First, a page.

While I was reading this great post, I had a sinking feeling that you were saving Canada for last. I don’t know what’s our deal but hopefully it doesn’t stop you from coming back to our wonderful country. You’ve got lots of Canadian fans, me included! 🙂
Gary Dumbauld says
Great story! Going into Canada once, my traveling buddy showed the customs folks his prescription medicine for his asthma, the Rx written by his father who was an MD. No problems. Coming back into the U.S. with the same bottle of pills, our van was taken apart, including taking the tires off the wheels, all our luggage inspected (including funky dirty clothes) and his prescription was confiscated. Maybe it had something to do with our long hair, bellbottom jeans, tie-dyed shirts, and that the year was 1969? Fun times.
Ben Weddle says
Canada is indeed the worst! Going into Vancouver, they put me in one room, my assistant in another, and grilled us for over an hour, checking between offices to see if our stories matched. Only after assuring my inquisitor that I really had never had a DUI, were we free to go. It seems Canada, with its history of bawdy behavior fueled by booze, doesn’t want anyone of such ilk, visiting their country.
Michael Kormos says
Joe, your blog is hands down amongst the most fun-to-read! I’ve got it bookmarked across all of my web-capable devices. Aside from teaching photography, do you plan to offer workshops in creative writing, for – you’ve guessed it – photographers? Your writing has that honest, experience-backed touch that is SO hard to find these days. Always a fun read. Keep it up Joe!
dr frank says
The last part was the best – my guess he enjoys TTL 😀
Mike K. says
Hi Joe…I live not far from the border in BC…It can be interesting to say the least. It would be nice if the customs officer’s that don’t understand the paper work. Had someone to call right away to stop the problem and holding you up. But I guess they get paid by the hr. so our loss. Was at your show two years ago. will be again when VPW has you back.
Dwane Morvik says
Well they (CBSA) can’t be letting any old NG photographer across the border whenever they want, but glad you made it across so I could attend the One Light Two Light seminar you did in Calgary last year!
Buz Bragdon says
Laughing my head off as I read this one.
You have a way with words, Joe. Busted a rib laughing. Next time tell them you are a National Treasure.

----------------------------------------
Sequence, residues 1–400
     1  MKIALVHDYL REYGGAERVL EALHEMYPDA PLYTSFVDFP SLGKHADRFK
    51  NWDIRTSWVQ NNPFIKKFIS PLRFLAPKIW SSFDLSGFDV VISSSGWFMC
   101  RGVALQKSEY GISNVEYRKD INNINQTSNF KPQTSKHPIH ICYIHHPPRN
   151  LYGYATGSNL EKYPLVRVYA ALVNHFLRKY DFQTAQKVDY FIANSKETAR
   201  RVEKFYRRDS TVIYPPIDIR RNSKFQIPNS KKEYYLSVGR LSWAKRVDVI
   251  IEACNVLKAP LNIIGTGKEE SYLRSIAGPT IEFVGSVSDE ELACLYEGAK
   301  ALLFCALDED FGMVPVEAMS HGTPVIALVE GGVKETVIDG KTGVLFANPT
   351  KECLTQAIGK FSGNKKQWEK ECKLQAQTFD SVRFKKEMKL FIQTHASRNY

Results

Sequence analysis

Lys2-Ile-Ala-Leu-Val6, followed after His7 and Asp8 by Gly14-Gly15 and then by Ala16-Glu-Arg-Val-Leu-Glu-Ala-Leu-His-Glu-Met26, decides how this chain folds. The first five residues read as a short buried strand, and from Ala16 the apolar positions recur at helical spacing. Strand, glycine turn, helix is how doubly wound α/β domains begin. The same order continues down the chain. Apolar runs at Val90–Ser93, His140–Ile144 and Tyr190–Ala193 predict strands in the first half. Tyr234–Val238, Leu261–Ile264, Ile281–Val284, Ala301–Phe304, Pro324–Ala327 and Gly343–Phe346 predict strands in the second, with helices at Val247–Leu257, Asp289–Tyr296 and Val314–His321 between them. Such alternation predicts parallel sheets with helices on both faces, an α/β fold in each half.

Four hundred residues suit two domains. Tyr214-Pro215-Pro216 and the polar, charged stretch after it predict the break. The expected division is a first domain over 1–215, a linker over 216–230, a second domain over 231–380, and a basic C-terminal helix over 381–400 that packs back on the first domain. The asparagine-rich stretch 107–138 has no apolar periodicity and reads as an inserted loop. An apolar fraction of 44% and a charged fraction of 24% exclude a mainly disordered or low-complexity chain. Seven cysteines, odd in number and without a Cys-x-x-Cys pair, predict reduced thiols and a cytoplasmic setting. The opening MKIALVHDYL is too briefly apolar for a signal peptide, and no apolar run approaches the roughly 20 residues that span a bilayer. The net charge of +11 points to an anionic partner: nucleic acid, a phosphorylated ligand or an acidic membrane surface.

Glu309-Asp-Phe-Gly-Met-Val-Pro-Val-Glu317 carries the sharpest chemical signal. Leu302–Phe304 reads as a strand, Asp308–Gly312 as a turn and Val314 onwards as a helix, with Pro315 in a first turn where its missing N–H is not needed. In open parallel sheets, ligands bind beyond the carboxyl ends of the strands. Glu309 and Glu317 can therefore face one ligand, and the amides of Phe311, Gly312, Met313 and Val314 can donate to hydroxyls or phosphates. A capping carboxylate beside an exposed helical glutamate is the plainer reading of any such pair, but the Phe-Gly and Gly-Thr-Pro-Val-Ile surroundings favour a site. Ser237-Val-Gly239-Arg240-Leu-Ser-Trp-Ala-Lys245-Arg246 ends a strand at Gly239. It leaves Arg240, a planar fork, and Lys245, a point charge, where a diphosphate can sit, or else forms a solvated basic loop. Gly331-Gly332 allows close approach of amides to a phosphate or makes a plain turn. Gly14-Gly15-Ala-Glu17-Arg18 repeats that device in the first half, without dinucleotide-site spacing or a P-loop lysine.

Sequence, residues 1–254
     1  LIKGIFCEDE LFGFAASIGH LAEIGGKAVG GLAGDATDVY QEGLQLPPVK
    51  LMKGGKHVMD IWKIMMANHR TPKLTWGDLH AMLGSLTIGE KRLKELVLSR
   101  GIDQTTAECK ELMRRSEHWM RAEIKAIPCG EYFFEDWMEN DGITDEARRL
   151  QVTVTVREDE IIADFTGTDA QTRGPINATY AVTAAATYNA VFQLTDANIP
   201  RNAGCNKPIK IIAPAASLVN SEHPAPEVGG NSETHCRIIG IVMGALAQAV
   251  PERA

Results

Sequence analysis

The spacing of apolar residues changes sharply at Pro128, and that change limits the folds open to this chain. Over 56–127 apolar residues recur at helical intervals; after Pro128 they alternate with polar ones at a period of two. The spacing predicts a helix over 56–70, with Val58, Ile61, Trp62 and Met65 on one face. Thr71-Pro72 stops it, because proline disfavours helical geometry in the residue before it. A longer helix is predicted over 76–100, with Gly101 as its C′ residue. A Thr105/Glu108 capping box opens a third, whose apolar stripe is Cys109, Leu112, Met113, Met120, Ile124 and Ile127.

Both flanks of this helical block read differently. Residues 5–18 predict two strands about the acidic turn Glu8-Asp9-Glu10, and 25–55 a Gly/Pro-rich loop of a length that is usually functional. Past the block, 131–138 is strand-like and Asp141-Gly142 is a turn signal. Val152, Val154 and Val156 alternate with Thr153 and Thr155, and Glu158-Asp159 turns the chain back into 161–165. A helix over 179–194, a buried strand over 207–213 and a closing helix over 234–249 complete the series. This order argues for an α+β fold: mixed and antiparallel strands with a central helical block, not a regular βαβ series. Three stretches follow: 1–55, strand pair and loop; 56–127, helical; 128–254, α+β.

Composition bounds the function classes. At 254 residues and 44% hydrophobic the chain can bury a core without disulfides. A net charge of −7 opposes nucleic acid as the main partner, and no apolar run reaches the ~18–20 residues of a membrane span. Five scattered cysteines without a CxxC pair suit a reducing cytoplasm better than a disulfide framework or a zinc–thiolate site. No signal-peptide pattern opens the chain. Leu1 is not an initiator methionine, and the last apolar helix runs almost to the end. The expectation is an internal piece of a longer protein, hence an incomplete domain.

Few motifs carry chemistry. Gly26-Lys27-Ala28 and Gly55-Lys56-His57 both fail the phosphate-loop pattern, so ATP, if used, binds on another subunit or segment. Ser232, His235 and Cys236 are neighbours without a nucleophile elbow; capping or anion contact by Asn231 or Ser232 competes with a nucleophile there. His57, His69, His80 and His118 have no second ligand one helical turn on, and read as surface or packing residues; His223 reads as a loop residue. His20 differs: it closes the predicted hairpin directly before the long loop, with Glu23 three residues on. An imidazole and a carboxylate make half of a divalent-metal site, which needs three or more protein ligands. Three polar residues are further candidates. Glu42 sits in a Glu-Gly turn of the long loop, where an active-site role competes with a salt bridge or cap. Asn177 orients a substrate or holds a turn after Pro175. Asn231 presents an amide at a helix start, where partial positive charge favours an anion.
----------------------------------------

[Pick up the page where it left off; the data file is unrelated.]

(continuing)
Steve Boyko says
Back in the late 1970s we lived in the USSR in Moscow, and frequently traveled to Finland by train for shopping… not much available in Moscow at the time. One time my family was traveling with another family when we stopped at the border for the usual check. After we passed into Finland, the other family’s father told my dad that they took his Playboys, cut all the photos out, and returned the remnants.
J. Tyler Klassen says
Really enjoy your stories. Years ago, as I was flying out of Israel I was in line with a fashion photographer, his entourage and a mountain of large equipment cases. He was a complaining, loudly about what an inconvenience to was to him. I made sure I was in a different line from him as we approached the customs/security people. I heard him ask, loudly, if this was going to take long. After I cleared the screening I turned to see the foam padding being removed from his cases and EVERY piece of his equipment spread all over the floor at his feet. The most important thing we all can carry through security check points? A helpful attitude and a typed list of every piece of equipment with serial numbers. As you say, make sure the numbers are correct.
Carlos Calderon says
“Avez vous quelque chose pour moi? HAHAHAHA.
Bill Bogle, Jr. says
You do have a bit of gear with you. Just the batteries could be used to power the Northern Lights for a while.
Wasn’t there a LIFE photographer who once got authorization to send his junk back from China? I think LIFE thought it was his stuff (nod to George Carlin) but it was actually the boat he had acquired while on the assignment. Try getting that through customs now.
Joe McNally says
Hey Bill….that was a Nat Geo writer. And he lived on that junk in the Washington Naval Yard for several years thereafter. :-)))
Look out Saturday Night Live!!! Here comes Joe!
Ranan Samanya says
LOL, that last thought about TTL was a LOL! But you are absolutely right. I work closely with CIQP – Custom, Immigration, Quarantine, Port authorities. And some people just can’t keep their voices down during screening, let alone keeping those f words at bay. And their passports will always got a nice big NTL (not to land) stamp – that is 5 years not to land in any port in the country. Love this story of yours.
Paul Papanek says